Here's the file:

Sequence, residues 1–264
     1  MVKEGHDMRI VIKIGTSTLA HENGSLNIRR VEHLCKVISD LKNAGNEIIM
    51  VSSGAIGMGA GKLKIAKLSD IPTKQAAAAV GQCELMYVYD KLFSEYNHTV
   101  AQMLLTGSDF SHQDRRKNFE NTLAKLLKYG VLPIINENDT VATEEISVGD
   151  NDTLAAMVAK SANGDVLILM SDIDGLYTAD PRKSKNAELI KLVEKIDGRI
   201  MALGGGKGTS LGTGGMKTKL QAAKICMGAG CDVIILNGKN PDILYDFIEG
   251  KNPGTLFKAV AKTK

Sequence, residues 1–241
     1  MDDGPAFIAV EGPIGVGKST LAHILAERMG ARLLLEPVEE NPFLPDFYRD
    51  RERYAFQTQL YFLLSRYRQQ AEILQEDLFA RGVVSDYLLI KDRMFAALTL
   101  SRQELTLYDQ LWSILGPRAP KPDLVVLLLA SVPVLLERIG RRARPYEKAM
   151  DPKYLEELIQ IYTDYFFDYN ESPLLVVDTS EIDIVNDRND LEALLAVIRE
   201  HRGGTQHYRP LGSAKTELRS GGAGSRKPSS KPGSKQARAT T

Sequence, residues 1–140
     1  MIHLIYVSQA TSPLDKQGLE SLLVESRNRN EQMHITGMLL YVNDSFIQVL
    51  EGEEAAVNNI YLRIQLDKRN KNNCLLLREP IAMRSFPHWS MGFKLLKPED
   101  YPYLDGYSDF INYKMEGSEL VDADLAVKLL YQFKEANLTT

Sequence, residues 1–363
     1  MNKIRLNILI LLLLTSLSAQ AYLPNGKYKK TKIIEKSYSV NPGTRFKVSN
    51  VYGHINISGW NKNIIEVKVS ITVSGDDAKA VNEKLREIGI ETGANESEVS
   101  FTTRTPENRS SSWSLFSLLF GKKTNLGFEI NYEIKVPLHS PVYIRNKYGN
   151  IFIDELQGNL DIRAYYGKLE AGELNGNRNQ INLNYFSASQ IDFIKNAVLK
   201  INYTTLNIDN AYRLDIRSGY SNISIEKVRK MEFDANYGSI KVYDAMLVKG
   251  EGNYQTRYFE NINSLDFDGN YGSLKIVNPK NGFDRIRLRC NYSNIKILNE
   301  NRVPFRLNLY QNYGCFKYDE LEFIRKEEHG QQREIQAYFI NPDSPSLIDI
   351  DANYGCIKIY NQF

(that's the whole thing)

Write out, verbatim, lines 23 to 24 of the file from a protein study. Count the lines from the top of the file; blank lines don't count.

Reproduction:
   201  INYTTLNIDN AYRLDIRSGY SNISIEKVRK MEFDANYGSI KVYDAMLVKG
   251  EGNYQTRYFE NINSLDFDGN YGSLKIVNPK NGFDRIRLRC NYSNIKILNE